The immune response to pathogens involves a complex interplay between cells that present antigen and those cells that are responsible for effector functions involved in the defense of the host against these foreign invaders. Our laboratory is focused on the interactions between the major histocompatibility complex class Hike molecule, CD1d and a unique population of T cells that are activated by CD1d, NKT cells, in antiviral immunity. We have found that there are alterations in both CD1d molecules and NKT cells following an acute virus infection that may be related (or even independent) events. Various virus-encoded immune evasion molecules (VEIMs), such as the Nef molecule from HIV-1 and the E19 molecule from adenovirus can bind to and substantially decrease the cell surface level of CD1d. This results in a decrease in NKT cell activation and very likely downstream immune effects mediated by other effector cells. Thus, one means by which a viral pathogen could establish a foothold in a host is by targeting the innate antiviral immune response vis-a-vis CD1d molecules and/or NKT cells. There is a selective loss of NKT cells from the liver and other organs following a virus infection, whereas in CD1d1-deficient mice, a virus infection results in higher levels of cytokine production and faster viral clearance. This suggests that the control of the magnitude of an antiviral immune response is CD1d1-dependent. The overall goal of this competitive renewal application is to further understand the role for CD1d molecules and NKT cells in antiviral immunity by building upon our prior studies. Thus, our hypothesis is that certain viruses cause a reduction in the functional expression of CD1d molecules by a direct interaction with VEIMs and/or by altering CD1d1-dependent activation of NKT cells. To test this hypothesis, we have focused on three specific aims. 1. Analyze the mechanisms by which VSV inhibits CDId-mediated antigen presentation, 2. Analyze the functional interaction between HIV-1 Nef and human CD1d, and 3. Study the dynamics of CD1d and NKT cell changes following a virus infection. Increasing our understanding of the roles that CD1d molecules and NKT cells play in the innate antiviral immune response will allow us to exploit this system for the generation of new and novel vaccines, and has clear translational applications to not only this area, but to autoimmunity and cancer as well.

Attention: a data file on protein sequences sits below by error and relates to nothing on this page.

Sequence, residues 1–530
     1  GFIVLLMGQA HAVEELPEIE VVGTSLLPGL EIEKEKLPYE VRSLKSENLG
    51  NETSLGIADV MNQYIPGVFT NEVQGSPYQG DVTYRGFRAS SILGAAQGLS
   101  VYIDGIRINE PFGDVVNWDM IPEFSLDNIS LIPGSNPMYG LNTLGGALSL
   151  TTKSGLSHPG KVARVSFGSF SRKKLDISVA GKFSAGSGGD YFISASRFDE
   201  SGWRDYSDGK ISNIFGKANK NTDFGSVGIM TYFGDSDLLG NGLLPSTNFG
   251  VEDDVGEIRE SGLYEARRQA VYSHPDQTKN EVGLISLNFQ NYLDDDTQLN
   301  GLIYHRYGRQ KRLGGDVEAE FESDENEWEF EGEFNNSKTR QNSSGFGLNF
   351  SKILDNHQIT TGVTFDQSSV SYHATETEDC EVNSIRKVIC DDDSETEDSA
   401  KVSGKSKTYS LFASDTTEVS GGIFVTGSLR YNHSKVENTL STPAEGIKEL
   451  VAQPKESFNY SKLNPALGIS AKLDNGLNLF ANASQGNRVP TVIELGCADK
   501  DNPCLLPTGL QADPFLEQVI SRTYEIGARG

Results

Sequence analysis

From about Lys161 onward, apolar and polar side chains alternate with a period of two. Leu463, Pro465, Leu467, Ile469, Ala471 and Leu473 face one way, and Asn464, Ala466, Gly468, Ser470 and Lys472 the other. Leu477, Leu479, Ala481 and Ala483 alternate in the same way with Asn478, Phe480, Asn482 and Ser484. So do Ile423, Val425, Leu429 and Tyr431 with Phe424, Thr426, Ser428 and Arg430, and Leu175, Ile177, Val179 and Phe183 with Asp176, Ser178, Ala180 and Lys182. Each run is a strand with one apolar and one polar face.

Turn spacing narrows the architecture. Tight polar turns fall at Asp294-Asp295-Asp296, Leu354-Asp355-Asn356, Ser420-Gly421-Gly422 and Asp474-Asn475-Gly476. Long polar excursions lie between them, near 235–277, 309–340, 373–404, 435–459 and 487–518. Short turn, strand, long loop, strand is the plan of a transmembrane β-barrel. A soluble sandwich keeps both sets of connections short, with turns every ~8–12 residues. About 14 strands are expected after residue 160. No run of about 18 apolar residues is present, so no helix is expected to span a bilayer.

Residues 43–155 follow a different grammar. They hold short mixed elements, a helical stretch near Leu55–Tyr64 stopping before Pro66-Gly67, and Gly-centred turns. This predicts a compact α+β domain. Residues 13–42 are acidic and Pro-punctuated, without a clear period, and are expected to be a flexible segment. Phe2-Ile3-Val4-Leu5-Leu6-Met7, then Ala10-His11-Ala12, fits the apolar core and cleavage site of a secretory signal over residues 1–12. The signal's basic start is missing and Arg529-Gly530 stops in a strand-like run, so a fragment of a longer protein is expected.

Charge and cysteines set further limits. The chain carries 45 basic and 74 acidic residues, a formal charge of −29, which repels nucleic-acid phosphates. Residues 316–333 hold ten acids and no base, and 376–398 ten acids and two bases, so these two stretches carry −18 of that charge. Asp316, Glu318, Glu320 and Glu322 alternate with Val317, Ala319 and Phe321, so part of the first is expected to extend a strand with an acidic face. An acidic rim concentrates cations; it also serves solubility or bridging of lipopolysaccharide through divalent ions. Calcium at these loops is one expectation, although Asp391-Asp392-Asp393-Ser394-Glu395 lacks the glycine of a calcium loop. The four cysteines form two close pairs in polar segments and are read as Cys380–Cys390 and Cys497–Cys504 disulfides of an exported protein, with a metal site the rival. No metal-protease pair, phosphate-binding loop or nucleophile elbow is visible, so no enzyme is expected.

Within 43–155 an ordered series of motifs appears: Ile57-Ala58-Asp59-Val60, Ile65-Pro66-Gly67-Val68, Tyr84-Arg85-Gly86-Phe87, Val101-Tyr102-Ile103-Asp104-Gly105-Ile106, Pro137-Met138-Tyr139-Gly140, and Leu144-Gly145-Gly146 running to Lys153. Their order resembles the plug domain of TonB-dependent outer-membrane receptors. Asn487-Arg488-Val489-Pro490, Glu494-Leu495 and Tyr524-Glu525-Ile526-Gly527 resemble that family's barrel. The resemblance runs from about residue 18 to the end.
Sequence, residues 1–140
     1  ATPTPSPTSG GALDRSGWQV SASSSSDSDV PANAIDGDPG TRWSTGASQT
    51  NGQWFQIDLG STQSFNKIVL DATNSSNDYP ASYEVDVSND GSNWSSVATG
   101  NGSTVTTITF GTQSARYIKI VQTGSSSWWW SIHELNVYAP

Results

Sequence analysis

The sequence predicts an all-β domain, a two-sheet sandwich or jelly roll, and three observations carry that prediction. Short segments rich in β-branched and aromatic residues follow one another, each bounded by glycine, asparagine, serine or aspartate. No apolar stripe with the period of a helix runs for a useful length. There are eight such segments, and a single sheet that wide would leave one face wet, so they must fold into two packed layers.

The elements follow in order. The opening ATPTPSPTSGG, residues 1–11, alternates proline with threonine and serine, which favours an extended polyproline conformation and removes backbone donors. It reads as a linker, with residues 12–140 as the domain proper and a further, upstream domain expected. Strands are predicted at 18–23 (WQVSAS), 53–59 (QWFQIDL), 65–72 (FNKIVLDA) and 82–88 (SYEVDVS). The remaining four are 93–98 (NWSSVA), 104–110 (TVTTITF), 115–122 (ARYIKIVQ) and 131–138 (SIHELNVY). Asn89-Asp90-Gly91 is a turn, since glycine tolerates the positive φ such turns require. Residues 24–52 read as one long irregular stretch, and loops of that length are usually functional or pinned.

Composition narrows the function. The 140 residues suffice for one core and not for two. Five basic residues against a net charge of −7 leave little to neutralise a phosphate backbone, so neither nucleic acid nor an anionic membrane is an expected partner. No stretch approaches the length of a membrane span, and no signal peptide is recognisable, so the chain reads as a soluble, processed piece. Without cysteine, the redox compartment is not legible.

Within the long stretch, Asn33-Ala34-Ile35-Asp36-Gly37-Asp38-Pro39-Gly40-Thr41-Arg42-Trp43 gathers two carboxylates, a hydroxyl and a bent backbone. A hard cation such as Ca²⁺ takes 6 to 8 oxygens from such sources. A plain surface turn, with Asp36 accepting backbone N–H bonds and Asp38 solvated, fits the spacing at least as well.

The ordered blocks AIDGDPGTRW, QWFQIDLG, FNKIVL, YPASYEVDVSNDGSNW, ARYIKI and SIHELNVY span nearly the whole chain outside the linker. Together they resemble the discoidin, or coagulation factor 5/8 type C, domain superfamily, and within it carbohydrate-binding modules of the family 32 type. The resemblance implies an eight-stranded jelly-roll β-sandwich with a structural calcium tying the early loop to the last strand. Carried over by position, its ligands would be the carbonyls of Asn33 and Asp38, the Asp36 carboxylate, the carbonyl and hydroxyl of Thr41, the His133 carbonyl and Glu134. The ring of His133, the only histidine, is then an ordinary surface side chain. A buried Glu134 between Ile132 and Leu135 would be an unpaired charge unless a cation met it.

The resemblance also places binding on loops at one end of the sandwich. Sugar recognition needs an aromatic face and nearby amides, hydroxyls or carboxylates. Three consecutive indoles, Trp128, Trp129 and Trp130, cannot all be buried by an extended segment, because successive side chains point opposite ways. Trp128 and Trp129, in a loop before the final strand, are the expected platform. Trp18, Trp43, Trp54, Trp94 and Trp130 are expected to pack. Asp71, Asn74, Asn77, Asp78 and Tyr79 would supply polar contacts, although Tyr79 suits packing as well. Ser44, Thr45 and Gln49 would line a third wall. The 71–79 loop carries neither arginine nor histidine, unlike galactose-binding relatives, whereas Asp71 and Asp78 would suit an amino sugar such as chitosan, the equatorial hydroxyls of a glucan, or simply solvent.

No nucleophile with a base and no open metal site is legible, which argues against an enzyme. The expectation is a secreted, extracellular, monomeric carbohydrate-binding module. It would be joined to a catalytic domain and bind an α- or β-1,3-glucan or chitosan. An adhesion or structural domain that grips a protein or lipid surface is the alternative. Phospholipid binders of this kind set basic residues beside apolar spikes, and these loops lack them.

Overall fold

National Institute of Health (NIH)
National Institute of Allergy and Infectious Diseases (NIAID)
Research Project (R01)
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Special Emphasis Panel (ZRG1-IHD (01))
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Rothermel, Annette L
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Indiana University-Purdue University at Indianapolis
Schools of Medicine
United States
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Brutkiewicz, Randy R; Yunes-Medina, Laura; Liu, Jianyun (2018) Immune evasion of the CD1d/NKT cell axis. Curr Opin Immunol 52:87-92
Brutkiewicz, Randy R (2016) Cell Signaling Pathways That Regulate Antigen Presentation. J Immunol 197:2971-2979
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